• Employees are responsible for too many things such as: evacuating the patients with their needed equipment (like oxygen), evacuating themselves,  informing local fire and/or ambulance services and other nursing homes, etc.

  • The drills are not comprehensive, therefore administration and employees are not aware of the fact that the plan, the way it is developed, is not feasible to implement.

  • Equipment is not checked thoroughly.

  • The plan does not include details for other emergencies such as natural disasters, medical emergencies, violence, etc.

  • Most of the time a generic non-site specific plan is acquired.  For an emergency action and fire prevention plan to be effective it is crucial that the plan be site specific.

In addition to these considerations, some structural considerations are also important to minimize the spread and damage due to fire.  Air handling systems are required to shut down automatically when the fire alarm is triggered to prevent the spread of smoke.  Vertical openings or penetrations between floors are required to be protected.  In one fire incidence, plumbing penetrated the ceiling of a group shower room and this unprotected vertical opening allowed smoke to migrate to upper floors in the building. 

The emergency action and fire prevention plan should be site-specific.  Training should be conducted utilizing the developed plan for all employees.  During the training if any deficiencies in the plan surface or ideas to improve the plan come up, these issues should be evaluated and the plan should be updated accordingly.  Follow up training should be performed on a regular basis.  

Hazard Corner

Fatality occurs while trimming trees

A grounds maintenance worker lost his life while    cutting down a tree in Southern Connecticut.  A three-man grounds maintenance crew was working clearing brush and trees from a fence line in a park; the ground was covered with snow.

The victim was working at ground level using a chain saw to cut down an 18” diameter oak tree.  The upper branches of this oak tree were tangled with vines that also entangled the upper limbs of a nearby cherry tree.  As the oak tree was cut through, these vines acted like ropes binding the two trees together.  The cherry tree now supported the weight of the two trees.  Unfortunately, the base of the cherry tree was rotted and could not support the load and both trees fell.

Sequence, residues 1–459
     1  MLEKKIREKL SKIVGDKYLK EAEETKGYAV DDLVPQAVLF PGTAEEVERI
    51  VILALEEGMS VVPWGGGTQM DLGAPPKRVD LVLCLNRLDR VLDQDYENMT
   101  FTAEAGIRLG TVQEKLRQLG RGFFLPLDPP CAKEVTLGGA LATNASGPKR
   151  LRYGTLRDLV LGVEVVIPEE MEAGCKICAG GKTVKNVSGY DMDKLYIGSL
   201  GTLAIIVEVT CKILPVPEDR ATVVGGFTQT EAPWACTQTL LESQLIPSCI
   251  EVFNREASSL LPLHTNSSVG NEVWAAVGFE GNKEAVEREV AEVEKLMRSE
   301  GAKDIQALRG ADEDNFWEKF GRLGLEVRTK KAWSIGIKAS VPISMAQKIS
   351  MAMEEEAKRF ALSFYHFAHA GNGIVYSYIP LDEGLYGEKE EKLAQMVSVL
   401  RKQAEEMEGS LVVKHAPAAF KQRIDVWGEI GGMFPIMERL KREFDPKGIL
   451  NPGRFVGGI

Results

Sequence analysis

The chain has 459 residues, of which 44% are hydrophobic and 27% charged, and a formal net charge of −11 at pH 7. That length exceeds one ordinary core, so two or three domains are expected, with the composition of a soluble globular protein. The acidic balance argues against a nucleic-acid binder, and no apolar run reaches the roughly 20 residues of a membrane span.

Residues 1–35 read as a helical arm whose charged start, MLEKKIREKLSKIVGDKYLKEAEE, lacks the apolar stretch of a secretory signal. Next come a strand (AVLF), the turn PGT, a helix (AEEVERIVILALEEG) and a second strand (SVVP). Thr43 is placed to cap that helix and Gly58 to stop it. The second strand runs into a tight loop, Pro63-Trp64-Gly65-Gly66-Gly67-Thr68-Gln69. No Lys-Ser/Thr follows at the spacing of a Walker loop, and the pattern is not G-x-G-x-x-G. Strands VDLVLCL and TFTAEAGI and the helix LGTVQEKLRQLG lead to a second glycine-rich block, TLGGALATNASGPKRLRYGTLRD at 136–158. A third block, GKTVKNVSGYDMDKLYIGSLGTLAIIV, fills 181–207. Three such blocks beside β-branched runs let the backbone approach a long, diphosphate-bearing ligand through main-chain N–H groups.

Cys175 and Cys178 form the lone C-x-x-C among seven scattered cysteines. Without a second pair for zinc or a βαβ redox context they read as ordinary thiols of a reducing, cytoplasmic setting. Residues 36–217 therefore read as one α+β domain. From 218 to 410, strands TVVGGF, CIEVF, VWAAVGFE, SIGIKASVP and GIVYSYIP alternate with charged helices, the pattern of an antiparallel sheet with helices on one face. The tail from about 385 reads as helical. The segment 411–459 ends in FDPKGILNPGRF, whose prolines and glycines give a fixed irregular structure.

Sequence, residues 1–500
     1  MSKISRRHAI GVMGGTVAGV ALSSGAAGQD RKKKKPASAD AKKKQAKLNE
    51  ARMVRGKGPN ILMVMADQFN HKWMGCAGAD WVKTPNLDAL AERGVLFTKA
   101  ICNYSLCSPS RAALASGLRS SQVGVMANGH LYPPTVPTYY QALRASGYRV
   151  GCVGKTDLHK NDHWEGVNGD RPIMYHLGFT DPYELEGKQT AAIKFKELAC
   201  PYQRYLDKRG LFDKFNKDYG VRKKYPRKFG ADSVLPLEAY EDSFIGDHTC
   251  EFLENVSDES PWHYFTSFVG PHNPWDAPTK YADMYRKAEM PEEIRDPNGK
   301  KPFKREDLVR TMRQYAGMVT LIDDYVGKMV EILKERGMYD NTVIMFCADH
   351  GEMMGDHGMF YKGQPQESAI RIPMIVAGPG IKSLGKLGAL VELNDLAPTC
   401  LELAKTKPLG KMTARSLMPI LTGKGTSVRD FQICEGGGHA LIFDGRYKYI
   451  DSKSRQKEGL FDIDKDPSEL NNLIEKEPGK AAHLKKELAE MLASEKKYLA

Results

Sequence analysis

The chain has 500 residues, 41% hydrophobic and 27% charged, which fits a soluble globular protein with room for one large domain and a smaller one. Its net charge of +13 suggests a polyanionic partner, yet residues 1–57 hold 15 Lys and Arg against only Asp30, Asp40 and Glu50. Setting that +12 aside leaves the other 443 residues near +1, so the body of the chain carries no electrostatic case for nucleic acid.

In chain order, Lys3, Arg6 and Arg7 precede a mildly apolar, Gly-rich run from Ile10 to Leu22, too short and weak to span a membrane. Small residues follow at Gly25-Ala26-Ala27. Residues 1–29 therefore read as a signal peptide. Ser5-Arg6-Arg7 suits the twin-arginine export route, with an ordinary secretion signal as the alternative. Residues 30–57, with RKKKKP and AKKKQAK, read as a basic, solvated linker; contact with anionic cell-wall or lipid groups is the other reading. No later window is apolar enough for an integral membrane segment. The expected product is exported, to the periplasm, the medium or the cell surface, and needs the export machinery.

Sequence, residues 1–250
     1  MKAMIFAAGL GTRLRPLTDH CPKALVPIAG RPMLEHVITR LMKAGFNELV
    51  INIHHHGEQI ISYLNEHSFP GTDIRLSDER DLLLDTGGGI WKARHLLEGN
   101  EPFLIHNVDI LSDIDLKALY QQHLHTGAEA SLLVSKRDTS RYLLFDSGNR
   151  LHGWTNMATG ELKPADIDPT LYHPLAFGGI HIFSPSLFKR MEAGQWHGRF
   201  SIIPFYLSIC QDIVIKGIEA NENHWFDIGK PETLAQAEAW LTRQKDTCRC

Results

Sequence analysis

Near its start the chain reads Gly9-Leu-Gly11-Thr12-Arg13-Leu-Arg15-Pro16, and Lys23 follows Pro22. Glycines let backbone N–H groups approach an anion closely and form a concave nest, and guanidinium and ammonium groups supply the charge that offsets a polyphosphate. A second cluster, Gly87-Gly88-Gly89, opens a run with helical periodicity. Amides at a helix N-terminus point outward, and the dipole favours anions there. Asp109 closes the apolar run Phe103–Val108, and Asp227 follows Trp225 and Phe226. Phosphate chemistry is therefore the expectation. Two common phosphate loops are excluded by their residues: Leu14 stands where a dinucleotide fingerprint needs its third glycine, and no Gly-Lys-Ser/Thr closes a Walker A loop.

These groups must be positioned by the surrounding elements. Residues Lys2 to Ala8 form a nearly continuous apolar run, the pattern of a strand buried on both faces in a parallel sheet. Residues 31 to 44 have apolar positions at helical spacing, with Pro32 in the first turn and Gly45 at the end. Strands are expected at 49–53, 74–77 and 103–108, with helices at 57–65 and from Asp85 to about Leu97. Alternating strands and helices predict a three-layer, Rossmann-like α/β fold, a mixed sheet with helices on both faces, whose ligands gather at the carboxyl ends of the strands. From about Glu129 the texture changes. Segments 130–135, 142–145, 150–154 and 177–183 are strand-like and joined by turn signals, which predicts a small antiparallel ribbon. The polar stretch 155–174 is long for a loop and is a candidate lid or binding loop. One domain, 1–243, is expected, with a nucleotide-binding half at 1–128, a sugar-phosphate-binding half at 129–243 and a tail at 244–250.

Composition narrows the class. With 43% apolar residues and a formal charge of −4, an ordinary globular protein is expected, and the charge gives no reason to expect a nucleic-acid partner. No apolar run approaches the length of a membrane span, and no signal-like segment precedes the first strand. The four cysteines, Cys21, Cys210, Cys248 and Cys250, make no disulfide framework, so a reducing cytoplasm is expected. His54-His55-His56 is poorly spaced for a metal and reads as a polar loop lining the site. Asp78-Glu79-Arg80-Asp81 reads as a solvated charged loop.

According to witness statements, when the cherry tree began to fall, the victim attempted to flee but slipped on the snow.  The falling trees struck him while he was lying on the ground.  The victim was transported to a local hospital by ambulance where he succumbed to his injuries.  

A review of the incident revealed that a workplace hazard assessment of the site had not been performed and that the employees had not been trained in chain saw safety.  Before beginning any job, it is essential that a hazard assessment to identify actual and potential hazards be performed and that the employees be trained in the safe use of all equipment.  Appropriate personal protective equipment must also be selected and used to ensure adequate employee protection at all times. 

CONN-OSHA’s Cooperative SHARP & Alliance Programs 

CONN-OSHA’s Safety and Health Achievement Recognition Program (SHARP) is a program developed to recognize small business employers with exemplary safety and health programs.  If your business employs less than 250 employees at one site and have not more than 500 employees at all sites nationwide, are on OSHA’s high-hazard list or special emphasis program list, be a single-fixed site, have been in business for at least one year and have injuries and illness rates below the national average for your industry, your company may be eligible to participate in SHARP.  To be accepted into SHARP is a great achievement and sets you apart from your business peers.  Once you have received your SHARP status, your worksite will be exempt from programmed inspections during the certification period.